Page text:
Introducing Bäckerei– Automated Rewards Payment Manager for Tezos Bakers Written in Haskell

Awa Sun Yin
Nov 8, 2018 · 8 min read

[TL;DR] Show us the code! Go directly to Bäckerei’s GitHub repository:


Cryptium Labs has been a baker on Tezos since Cycle 11. Some of the readers might know us from our community development activities, both physically (meetups in China and other Tezos events around the world) and virtually (blogposts, videos, and more to come).

However, we believe that Tezos bakers are also well-suited to contribute to the Tezos technological ecosystem. As such, we do our first bit by open-sourcing Bäckerei, marking the beginning of our team’s upcoming development and research efforts in Proof-of-Stake ecosystems.

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Bäckerei — Automated Rewards Payment Manager for Tezos Bakers in Haskell

What is Bäckerei?

Bäckerei [bɛkəˈrai] means bakery in German. It is a collection of scripts written entirely in Haskell, a programming language known for being purely functional and strongly typed. Bäckerei’s purpose is to manage the payments of rewards from a Tezos baker to its delegators.

In order to do so, Bäckerei connects to a full-node, scans the entire transaction history, determines which delegators should be paid, performs calculations on exactly how much they should receive in rewards, and executes the transactions.

Other remarkable features include: generation of a database with the payouts history; monitoring of the baker’s baking and endorsement activities with notifications in case either failed; and automatic notification to a Telegram group after payments for a cycle have been successfully made.

The project is open-sourced under the GPLv3 license, has been tested and used in production to manage Cryptium Labs’s rewards payouts since Cycle 16.

Why is Bäckerei Useful?

At the time of writing, the Tezos protocol does not support in-built rewards distributions from baking and endorsement rewards to delegators. In other words, a baker in Tezos receives all the rewards generated and unlocked cycle after cycle. Its delegators, regardless of being entitled to receive a portion of the rewards, must trust that: 1) the baker will pay them, 2) will pay them on time, and 3) that the baker will pay them correctly.

Whilst Bäckerei cannot ensure 1), as it is still on the baker’s hand to execute the program; it can facilitate 2) and does ensure 3).

Calculating Rewards Correctly

Bäckerei calculates the exact rewards that a delegator is entitled to, considering parameters such as baker service fee, rewards earned during the cycle, and each delegator’s proportional contribution to the staking balance of the baker.

One could argue that alternative systems to perform these calculations exist, for instance, by creating a model using Excel and feeding it with manually retrieved data from a block explorer or public APIs. The risk with the latter and similar approaches is related to the error margin, trusting the correctness of the data source, in addition to the undetected changes in the data, for example, when a delegator changes the value of a delegation or other delegators join or leave.

Bäckerei scans the entire transaction history of a baker, which is later used for calculating the net rewards that every delegator should receive, in accordance with the parameters mentioned above (some of which are customisable, such as the baker service fee).

Making Payments Every Cycle Automatically

Assuming that all the parameters and calculations are correct, the baker can trigger manually the transactions. However, it increases substantially the resources dedicated to perform the transactions.

Even for smaller baking services (< 20 delegators), making 20 transactions manually every 2–3 days results in accumulating a significant amount of hours through cycles. This limitation becomes critical for larger bakers, who might have hundreds, even thousands of delegators.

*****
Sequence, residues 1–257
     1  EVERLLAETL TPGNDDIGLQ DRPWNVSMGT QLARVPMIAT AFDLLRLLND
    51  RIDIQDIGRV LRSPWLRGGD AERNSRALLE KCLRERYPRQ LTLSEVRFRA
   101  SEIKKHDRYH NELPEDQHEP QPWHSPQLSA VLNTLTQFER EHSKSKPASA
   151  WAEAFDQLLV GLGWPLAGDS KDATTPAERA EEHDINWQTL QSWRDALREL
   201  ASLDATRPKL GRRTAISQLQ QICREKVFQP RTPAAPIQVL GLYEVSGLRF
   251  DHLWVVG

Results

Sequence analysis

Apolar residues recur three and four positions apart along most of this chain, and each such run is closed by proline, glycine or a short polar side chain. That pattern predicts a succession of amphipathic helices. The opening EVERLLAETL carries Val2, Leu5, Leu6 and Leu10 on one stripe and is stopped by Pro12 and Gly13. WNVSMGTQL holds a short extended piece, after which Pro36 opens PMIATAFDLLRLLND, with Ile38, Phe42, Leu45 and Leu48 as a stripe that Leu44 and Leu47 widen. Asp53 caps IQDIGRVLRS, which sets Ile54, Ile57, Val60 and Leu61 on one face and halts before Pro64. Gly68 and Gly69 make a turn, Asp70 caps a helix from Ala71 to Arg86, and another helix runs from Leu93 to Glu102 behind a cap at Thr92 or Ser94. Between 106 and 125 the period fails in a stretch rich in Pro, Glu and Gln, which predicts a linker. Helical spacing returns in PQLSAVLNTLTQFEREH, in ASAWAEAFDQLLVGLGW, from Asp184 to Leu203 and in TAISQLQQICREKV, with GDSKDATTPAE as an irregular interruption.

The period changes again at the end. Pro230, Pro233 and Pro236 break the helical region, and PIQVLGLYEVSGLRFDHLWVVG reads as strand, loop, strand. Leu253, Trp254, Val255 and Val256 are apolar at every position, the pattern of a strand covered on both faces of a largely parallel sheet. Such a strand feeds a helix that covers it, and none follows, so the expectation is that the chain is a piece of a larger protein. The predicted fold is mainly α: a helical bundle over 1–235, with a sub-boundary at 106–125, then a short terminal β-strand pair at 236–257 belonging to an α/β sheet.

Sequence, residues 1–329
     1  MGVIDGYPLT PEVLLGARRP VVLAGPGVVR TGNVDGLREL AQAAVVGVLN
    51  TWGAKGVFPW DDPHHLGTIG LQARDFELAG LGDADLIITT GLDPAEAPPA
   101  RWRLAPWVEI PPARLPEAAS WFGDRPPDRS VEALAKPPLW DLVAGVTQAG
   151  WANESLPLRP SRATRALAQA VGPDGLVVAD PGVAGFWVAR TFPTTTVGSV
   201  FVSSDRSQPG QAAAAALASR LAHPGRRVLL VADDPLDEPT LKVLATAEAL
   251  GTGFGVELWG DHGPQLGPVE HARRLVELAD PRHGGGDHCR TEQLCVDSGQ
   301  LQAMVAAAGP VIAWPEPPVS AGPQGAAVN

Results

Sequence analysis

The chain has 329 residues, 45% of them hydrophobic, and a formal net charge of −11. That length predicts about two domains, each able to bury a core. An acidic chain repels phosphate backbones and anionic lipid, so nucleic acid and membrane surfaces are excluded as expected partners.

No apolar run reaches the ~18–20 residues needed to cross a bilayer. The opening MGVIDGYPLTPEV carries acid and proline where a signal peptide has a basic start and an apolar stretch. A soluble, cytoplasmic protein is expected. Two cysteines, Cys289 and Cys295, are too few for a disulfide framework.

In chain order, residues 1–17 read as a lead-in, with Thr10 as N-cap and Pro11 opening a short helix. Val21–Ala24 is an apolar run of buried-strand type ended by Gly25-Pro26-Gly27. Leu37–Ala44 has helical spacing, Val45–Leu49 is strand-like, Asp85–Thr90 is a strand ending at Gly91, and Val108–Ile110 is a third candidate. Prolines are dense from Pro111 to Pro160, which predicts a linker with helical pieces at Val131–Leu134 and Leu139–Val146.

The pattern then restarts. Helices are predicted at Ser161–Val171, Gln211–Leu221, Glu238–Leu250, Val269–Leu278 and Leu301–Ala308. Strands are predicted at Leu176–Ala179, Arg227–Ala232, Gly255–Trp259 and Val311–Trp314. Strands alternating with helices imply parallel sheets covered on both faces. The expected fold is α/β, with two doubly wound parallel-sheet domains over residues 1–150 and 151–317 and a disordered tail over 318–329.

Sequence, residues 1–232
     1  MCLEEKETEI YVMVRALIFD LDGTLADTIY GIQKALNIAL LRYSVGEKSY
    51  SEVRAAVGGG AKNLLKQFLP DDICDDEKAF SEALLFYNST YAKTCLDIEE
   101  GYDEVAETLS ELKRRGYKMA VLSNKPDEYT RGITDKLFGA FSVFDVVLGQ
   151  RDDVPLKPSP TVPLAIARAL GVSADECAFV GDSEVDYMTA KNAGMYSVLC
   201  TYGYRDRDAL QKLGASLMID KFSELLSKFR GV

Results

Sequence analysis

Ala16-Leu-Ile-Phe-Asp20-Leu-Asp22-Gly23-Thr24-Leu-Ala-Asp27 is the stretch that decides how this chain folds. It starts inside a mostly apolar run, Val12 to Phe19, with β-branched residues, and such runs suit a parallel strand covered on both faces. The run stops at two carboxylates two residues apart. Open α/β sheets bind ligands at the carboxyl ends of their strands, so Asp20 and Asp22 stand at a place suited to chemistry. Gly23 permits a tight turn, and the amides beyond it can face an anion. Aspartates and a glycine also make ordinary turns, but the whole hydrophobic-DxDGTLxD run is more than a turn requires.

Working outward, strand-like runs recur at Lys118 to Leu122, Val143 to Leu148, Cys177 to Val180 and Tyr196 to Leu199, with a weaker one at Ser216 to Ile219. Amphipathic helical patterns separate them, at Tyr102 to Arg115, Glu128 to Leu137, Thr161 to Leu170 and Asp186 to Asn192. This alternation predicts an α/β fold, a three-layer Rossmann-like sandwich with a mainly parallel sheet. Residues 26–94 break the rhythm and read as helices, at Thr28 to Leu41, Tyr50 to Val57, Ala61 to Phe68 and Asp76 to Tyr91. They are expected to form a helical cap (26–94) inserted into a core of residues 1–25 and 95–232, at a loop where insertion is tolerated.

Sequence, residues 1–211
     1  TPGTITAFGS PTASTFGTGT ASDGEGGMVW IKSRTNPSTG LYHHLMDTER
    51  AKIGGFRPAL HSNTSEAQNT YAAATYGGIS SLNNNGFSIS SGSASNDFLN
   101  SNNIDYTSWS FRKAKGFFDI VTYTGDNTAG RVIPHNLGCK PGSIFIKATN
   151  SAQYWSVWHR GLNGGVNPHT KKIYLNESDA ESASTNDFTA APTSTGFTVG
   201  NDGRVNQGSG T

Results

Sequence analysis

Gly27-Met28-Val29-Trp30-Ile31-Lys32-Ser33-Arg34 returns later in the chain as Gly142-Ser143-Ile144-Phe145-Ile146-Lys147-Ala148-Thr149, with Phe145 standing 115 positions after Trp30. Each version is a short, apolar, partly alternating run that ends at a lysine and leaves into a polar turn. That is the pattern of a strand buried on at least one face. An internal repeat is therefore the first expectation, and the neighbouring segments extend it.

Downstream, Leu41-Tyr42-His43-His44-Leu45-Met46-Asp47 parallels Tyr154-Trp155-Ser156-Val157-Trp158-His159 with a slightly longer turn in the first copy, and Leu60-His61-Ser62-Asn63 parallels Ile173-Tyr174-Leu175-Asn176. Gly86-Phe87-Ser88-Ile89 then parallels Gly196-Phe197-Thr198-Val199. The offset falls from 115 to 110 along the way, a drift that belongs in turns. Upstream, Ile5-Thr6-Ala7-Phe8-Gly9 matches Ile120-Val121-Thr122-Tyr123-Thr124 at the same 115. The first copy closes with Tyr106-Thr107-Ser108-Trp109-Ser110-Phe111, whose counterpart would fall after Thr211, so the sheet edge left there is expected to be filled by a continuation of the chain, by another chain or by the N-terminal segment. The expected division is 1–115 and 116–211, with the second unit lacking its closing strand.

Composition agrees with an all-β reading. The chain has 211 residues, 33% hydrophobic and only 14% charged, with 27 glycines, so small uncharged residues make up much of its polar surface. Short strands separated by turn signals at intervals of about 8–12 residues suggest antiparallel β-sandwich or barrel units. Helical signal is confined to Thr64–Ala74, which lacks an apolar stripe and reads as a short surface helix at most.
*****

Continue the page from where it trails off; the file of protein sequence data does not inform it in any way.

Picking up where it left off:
A quick fix to the issue is by decreasing the frequency of payments, by releasing rewards every month or six months even, instead of every cycle. Nevertheless, knowing how sensitive the trust between a delegator and a baker is, every baker should release rewards as soon as they are available (unfrozen or unlocked). If operational capacity is what prevents your bakery from making payments every cycle, with Bäckerei, payments will be sent in a single batch transaction as soon as they are due whenever you run the payout command.

A bonus feature, coming with Bäckerei’s integration with Telegram Messenger’s API, sends automatically a notification to your chosen Telegram Group whenever the payments of a specific cycle are successfully made.

Providing More Transparency for Your Delegators

Another useful feature that Bäckerei supports is a payouts database. Bäckerei reads and updates a simple JSON file (see ours as example). You can directly share this file with your delegators, enabling them to search by KT1 address what cycle generated how many rewards.

Reading JSON might be slightly overwhelming to some. In that case, to provide a better user experience, you can use the JSON database as a data source and build end-user facing dashboard such as the Cryptium Labs Delegator Dashboard:

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Cryptium Labs Delegator Dashboard

Ensuring Fairness in Payments

Besides the features described a priori, Bäckerei is characterised for two more things: it allows the baker to pay the delegators fairly.

What Does Fairness in Payments Mean?

Fairness is a property, interpretation of which might differ baker to baker. In our case, fair payments refers to the fact that: A) we apply automatic compounding interest and B) we guarantee idealised payments by insuring liveness. With Bäckerei, your bakery will also be able to:

A) Apply Automatic Compounding Interest

…to all delegations, as you will pay the rewards every cycle as soon as they are available, meaning that you will always use the most updated balance of the KT1 address. So, if a delegator that received the rewards has not moved the rewards from the delegation, you will consider automatically the new balance for baking.